The CCC Spanish Cultural Immersion Program immerses you in Cuenca’s rich culture and introduces you to new people as a path to learning Spanish. You will stay with a local family, which is the bedrock of Ecuadorian culture. Additionally, you go on weekend excursions outside the city each week so you can explore the country and practice in real-life situations. The program lasts for four weeks and includes intensive Spanish classes and volunteer opportunities that have been carefully selected and vetted by the CCC Spanish program directors, Fausto and Martha.
You will spend your mornings learning Spanish and your afternoons volunteering, or vice versa, depending on your chosen volunteer opportunity where you put your Spanish into practice as you engage with the local community and give something back.
Four diverse volunteer options include working as a preschool English teacher, serving at an animal shelter, assisting at idiomART Centro Creativo, and working for Vistalsur Digital Magazine.
In summary, in addition to 40 hours of instruction, volunteers experience a homestay with a local family, two meals per day, and weekend excursions outside the city. The volunteer experience lasts four weeks and offers a true immersion in Ecuadorian culture. It is worth noting that the program participants can opt out of volunteering or homestay with a local family if desired.
The Spanish Institute, Eva Franco
The Spanish Institute, located at 11-60 Sucre St., is run by Eva Franco who places a great deal of emphasis on training her teaching staff and on their preparation before each class to address the needs of individual students. She has personally taught for 5 years of the 11 years the institute has existed. It offers Spanish lessons to both individuals and groups. Individual classes can be held in a classroom or in the student’s homes, or via video conference. The group lessons are offered several times throughout the year, while the individual lessons are available year-round. The price for classes is $10 per hour.
Eva’s teaching focuses on practicing Spanish and using grammar as a complement. She treats grammar as important but not the most important thing. The focus of activities and reading material is creating opportunities to converse in the context of learning local culture. Materials are tailored to each student’s learning style, goals, and skills, making each class unique and enjoyable. Classes also include outdoor activities with locals to learn about the culture and customs of the area. She also provides a friendly, comfortable environment.
Eva offers walking lessons where students learn while exploring the city. Students also play board games, read comic books, and engage in outdoor activities in a fun and interactive way. She provides local food, tablets, Ecuadorian books, and other materials to create a full immersion experience for the students.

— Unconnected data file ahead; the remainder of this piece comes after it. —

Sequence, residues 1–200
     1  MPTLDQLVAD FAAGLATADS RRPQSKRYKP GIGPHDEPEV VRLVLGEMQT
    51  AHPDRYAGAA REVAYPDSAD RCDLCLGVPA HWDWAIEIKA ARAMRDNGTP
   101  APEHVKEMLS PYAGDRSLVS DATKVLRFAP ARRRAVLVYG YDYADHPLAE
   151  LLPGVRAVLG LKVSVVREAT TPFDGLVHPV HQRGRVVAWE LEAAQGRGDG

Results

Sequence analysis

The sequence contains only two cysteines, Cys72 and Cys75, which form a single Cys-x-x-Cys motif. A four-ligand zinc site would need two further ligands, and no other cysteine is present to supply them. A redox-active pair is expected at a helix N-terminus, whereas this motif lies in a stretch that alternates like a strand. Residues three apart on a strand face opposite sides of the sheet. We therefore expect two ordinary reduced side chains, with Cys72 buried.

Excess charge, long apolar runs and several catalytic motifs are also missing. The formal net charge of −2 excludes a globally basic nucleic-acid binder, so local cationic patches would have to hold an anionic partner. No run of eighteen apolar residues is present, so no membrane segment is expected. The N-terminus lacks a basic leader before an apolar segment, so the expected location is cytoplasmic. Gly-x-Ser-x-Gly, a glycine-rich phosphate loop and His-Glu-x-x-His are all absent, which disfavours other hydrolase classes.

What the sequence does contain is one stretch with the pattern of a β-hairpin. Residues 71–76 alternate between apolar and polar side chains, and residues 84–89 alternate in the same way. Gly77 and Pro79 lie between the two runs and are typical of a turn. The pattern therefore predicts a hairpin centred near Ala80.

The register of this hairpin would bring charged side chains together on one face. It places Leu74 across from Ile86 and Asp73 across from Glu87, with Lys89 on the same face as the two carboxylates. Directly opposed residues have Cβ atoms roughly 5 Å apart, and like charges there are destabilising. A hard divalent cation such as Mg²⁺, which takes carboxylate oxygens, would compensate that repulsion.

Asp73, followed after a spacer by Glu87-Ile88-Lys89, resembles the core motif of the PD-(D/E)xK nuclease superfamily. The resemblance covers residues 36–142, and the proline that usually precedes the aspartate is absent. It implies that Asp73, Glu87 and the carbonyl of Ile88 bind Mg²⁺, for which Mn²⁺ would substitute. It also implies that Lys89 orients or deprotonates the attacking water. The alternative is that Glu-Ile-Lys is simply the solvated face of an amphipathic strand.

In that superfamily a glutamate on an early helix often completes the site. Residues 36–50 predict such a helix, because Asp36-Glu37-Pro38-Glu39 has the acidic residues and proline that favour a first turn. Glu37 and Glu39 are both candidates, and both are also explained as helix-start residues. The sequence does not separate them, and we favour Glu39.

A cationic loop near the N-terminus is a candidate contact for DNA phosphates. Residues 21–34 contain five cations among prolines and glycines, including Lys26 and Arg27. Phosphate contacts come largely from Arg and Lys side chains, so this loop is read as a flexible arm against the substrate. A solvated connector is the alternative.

Teachers are enrolled in training every month on topics like culture, methodologies, and technology. 90% have university degrees and 50% have master’s degrees all from highly respected universities. And they are tasked with preparing classes based on students’ needs, goals, and skills.
Students range in age from 3-year-olds to 85-year-olds. The majority of the students are from the US and Canada, and classes are divided by age groups: 25 to 40 and 55 to 75 most of whom are beginners and intermediates. The students come from all education levels, most with either university degrees or postgraduate degrees.
There are audio and video materials for students to practice listening and comprehension skills, including podcasts at different speeds plus language exchange opportunities and flashcards to help students practice everyday conversation. In addition, students advance their knowledge by engaging all of their senses, not just sight and hearing but taste, smell, and touch.
The Spanish Institute has become an international destination because it is fun, highly personalized, interactive, and focused on practical language skills.
Eva recommends a gradual approach to accessing learning through media and other means:
- Movies and series: First step, audio in English and subtitles in Spanish. The next step is audio in Spanish with subtitles in Spanish. And finally audio in Spanish without subtitles.
- Linguee: As a dictionary for intermediate and advanced students.
- Podcasts in Spanish: 0,5 speed and increase when you understand.
- Language exchange: All the time.
- Flashcards: Label your house or condo with vocabulary.
Pensar en Español, Patricia Olivo
Patricia Olivo has taught expats for 10 years and a total of 25 years in teaching. Per Patricia, her learning experience is differentiated by her warm sense of humor and “the materials, graphics, and games that I use because they focus on the social and political reality of Latin America and Ecuador”
She offers group classes at Estevez de Toral 13-31 y Estevez de Toral (first floor) with four or more students and individual classes with three or fewer students. Classes are segmented according to learning objectives and knowledge levels. Instruction occurs in the classroom and via video conferencing, but not in students’ homes. She likes teaching in a group because the interaction between students as well as with her adds value and she keeps things well-directed in the middle of it all. On the other hand, she prefers not to teach at students’ homes because frequent distractions interrupt learning.
Each course lasts a month with 18 hours of classes 3 consecutive days from Monday to Wednesday. And each is an hour and a half with different levels of courses such as basics, upper intermediate, advanced, as well as introductory Spanish. The cost for each course is $100, including materials. Private tutoring courses cost $8 per hour.